After Rome: Holy War And Conquest
In the first episode of this two-part series, Boris Johnson travels to France, Spain, Egypt, Israel, Syria and Turkey to investigate the early beginnings of what some people now call ‘the clash of civilizations.’ This is the idea that the two historically opposed religious cultures of Christianity and Islam are locked into a never-ending cycle of mutual antipathy, distrust and violence. Is this really true?
There have been many ‘clashes’ between Christianity and Islam in the period Boris Johnson examines in this series, 632 to 1492. But the real historical picture is far more subtle, interesting and optimistic than the clichés of a clash of civilization might suggest. This first programme looks at the early history of Islam; the extraordinary series of conquests that gained for it half the territories of the old Roman empire in just 80 years; the rich and sophisticated civilisation Islam produced; the relationships between Muslims, Jews and Christians; and the background to the crusades.
In the second part Boris Johnson travels to France, Spain, Egypt, Israel, Syria and Turkey to continue his investigation into the early beginnings of what some people now call ‘the clash of civilizations’. He begins by looking at the crusades, and the way they are viewed in the west and in the Muslim world today. But Boris finds that the realities of the crusades are far more subtle than modern attitudes to them would have us believe.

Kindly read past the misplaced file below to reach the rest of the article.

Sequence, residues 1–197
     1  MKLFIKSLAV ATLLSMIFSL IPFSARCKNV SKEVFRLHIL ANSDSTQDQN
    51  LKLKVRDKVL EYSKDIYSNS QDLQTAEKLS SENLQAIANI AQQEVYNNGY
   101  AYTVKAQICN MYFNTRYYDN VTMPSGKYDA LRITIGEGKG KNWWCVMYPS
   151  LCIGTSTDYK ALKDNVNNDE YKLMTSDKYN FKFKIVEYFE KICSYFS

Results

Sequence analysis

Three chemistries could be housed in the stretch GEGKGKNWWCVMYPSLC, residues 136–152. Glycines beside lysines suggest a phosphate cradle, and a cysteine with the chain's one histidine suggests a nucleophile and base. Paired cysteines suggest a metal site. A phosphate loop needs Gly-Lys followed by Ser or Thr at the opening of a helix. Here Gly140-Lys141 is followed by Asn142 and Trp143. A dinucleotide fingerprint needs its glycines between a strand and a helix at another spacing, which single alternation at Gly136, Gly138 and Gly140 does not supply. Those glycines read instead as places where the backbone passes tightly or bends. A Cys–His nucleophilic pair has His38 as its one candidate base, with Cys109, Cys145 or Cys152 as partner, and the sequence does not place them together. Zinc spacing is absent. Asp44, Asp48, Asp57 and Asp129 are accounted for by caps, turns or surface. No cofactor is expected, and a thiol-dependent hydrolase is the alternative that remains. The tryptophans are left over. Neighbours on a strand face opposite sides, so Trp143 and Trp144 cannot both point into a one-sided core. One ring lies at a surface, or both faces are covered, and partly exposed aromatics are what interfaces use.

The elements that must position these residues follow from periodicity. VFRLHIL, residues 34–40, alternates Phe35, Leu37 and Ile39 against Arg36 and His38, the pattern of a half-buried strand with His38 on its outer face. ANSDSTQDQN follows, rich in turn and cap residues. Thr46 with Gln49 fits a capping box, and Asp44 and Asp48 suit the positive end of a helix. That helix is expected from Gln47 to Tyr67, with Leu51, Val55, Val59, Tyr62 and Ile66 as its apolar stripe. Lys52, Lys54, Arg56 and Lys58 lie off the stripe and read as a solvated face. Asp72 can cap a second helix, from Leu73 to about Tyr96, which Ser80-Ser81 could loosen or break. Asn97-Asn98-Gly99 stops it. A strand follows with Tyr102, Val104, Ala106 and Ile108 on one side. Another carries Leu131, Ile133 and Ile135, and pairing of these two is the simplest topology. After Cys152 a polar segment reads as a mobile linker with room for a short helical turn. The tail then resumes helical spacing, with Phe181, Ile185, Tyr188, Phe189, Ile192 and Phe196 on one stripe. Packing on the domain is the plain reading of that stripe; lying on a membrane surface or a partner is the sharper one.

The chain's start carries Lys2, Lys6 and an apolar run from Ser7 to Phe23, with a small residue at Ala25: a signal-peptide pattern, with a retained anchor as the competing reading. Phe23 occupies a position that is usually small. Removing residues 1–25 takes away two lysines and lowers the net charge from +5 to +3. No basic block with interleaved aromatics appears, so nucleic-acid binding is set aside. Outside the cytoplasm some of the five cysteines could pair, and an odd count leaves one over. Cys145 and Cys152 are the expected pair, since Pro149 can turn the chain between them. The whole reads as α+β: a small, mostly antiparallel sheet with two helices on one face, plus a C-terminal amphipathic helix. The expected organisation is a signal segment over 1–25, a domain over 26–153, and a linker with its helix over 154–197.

As with many current entrenched positions about the so-called ‘clash of civilisations,’ such attitudes are often a rewriting of history in the light of later events. In this programme Boris Johnson also looks at the Sack of Constantinople, when Latin Christians fought eastern Christians, leading eventually to the fall of the city to the Ottoman Turks in 1453. He looks too at the Reconquista in Spain, which culminated in the wholesale expulsion of Jews and Muslims. At every turn of his journey, Boris Johnson finds that the real history is a good deal more subtle and interesting than the fictions that have grown up around it.
Watch the full documentary now (playlist – 2 hours)